3. Hawaii Department of Agriculture regulations specify a minimum of 12% oil content for "Hawaii Fancy" and "Hawaii No. l" grades at maturity. Other grade categories are "Hawaii No. 2" and off-grade. However, several cult ivars vary significantly in oil content above and below this level. Halowax, a chemical used commercially to determine oil content, is no longer commercially available. As fruit mature, the per cent dry matter increases as does the oil content. There is cultivar to cultivar variation in this relationship. California and Australia have chosen per cent dry matter as the method to indirectly determine oil content and hence maturity for different cultivars.

4. Research is necessary to develop maturity standards for commercial cultivars. Specifically, it is necessary to correlate minimum and optimum level of maturity with oil content, and dry matter per cent for each cultivar. This method has several advantages--microwave ovens and inexpensive balances can be used to determine per cent dry matter in less than a half hour after harvest. Dry matter is also more accurate than harvest date which can be quite variable in Kona. Furthermore, growers and packers could use the dry matter method to monitor quality and prevent marketing fruit that is too immature just to get the higher price for early season fruit.

The procedure for determining dry matter is simple. Several fruits representative of the majority of fruits on the tree at the desired size and other maturity characteristics are collected, cut open, and a portion of the flesh from each is grated, and the sample mixed and weighed. After drying in the microwave for approximately 15 minutes, the sample is weighed again. The percentage of the original weight which remains is dry matter and will correlate with oil content. Maturity standards, the procedures, and dry matter to oil percentage curve and relationship to quality must be developed for each cultivar.


c. Specifics of the current standards and regulations are available from DOA marketing inspectors. Any violations of the regulations should be reported to the inspectors. However, as long as a market exists for seedling and poor quality fruit, violations will continue.


Summary Of Bottlenecks And Actions

Discussed In The Avocado Industry Analysis No. 3 (1989)

A copy of the analysis is available from your local extension agent.

As you read, if want more information click on the various topics to the right.


MARKETING

Currently, Hawaii supplies about half of the fresh avocados sold in Hawaii, California supplies the remainder. In 1987, industry supplied 900,000 lb. or 45% of the local market. The percentage supplied is higher when the amount of fruit consumed from home production is considered. Competition is intense in the local institutional market which currently uses the cultivar Hass as the standard. Hawaii's avocados cannot be shipped to the mainland or Japan. However, the Animal and Plant Health Inspection Service (APHIS) has proposed to permit the shipment of 'Sharwil' avocado to mainland destinations. Final decision will be taken after May, 1989.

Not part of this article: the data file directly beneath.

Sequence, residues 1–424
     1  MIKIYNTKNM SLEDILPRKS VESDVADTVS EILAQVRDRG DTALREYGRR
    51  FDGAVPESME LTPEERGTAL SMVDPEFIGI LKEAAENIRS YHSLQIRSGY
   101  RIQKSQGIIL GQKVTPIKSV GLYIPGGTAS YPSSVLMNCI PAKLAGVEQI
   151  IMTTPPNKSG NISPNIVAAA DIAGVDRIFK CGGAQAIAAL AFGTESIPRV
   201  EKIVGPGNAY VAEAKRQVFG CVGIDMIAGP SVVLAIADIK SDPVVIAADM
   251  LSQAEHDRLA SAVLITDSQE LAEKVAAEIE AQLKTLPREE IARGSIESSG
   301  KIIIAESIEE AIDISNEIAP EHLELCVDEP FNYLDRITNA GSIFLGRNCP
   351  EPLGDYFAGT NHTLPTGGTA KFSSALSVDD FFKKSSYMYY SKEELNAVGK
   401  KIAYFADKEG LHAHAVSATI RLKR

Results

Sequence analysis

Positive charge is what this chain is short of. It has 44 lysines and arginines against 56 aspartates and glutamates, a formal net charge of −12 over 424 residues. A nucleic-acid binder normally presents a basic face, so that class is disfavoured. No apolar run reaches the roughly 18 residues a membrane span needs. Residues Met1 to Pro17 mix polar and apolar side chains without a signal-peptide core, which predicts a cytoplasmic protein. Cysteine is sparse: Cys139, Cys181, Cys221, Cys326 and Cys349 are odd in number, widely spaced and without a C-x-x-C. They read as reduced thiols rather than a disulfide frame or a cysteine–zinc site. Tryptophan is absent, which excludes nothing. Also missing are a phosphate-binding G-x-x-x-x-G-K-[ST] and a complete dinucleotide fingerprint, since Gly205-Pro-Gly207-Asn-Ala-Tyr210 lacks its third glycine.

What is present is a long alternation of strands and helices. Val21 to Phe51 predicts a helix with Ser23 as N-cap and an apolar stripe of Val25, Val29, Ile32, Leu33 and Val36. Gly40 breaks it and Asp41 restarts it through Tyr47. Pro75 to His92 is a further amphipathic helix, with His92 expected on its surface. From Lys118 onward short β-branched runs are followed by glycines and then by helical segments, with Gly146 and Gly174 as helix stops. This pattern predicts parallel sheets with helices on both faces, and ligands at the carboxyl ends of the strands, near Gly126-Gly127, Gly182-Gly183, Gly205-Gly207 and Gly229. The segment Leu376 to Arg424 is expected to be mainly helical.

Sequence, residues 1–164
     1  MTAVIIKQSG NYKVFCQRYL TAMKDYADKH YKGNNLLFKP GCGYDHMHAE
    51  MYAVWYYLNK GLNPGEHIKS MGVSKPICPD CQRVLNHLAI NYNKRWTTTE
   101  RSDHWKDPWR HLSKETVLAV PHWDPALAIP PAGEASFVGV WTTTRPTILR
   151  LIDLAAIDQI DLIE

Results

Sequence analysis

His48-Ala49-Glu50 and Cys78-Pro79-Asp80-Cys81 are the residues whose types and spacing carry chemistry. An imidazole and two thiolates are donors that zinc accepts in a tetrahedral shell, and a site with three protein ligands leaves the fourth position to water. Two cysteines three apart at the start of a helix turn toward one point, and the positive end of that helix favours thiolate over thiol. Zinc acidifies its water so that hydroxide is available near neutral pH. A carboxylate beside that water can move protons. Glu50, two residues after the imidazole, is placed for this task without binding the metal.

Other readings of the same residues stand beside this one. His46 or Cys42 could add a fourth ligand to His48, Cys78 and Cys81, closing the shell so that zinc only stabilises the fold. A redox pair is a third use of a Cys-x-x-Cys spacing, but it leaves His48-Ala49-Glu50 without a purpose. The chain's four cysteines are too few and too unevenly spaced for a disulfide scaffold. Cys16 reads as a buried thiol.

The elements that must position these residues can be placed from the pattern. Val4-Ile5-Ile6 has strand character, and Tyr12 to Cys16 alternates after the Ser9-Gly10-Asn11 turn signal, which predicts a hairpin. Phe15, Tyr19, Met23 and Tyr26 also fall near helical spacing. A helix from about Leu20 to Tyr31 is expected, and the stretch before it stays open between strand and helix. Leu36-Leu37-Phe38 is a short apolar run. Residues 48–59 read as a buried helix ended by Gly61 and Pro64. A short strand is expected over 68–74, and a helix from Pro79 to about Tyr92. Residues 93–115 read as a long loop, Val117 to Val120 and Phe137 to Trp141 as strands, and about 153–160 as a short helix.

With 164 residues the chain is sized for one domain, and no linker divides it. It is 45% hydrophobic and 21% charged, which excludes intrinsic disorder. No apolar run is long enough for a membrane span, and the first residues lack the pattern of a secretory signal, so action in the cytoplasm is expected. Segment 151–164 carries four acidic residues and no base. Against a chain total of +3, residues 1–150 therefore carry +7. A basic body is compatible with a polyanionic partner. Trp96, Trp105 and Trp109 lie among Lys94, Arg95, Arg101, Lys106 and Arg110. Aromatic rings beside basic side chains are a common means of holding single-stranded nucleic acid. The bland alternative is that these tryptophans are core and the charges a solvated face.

Export currently is limited to Alaska and Canada and other foreign markets not concerned with fruit flies infestation. Alaska is a relatively small market, whereas the Canadian market is much larger and underdeveloped. Building upon Hawaii's strong image as a high quality tourist destination for Canadians, the industry believes that marketing research is essential to better target and promote 'Sharwil' and other Hawaii cultivars in the large Canadian market.


1. Inadequate marketing and promotion of Hawaiian avocados.

1.1 Promote Hawaiian avocados in markets identified as having potential for development.

INDUSTRY ORGANIZATION

The Hawaii Avocado Association (HAA) the statewide industry association representing growers, packers and wholesalers of avocado is active in promoting avocado. A five-year proposal for Promotion Assistance totaling $230,000 was submitted to the Marketing Branch of the DOA in August, 1987. The proposal was not funded. DOA has supported HAA's in-store promotions in Honolulu supermarkets in 1987 and 1988 under the 'Island Fresh' program.

HAA lacks resources to sponsor research, educational, and promotional programs for its members and the industry. HAA needs paid staff to accomplish these goals, to provide long term continuity, to promote and lobby for industry activities. Dues ($20 per member) totalling $900 in 1988 were used for the HAA newsletter for its members. HAA desires to actively expand membership.


2. Industry lacks a mechanism to raise funds (beyond dues) to maintain a part-time executive director to support industry activities.

2.1 Actively expand membership in West Hawaii and other parts of the state where avocado is produced.

2.2 Actively participate in Hawaii Farm Bureau.

2.3 Develop method to raise funds to support and achieve goals.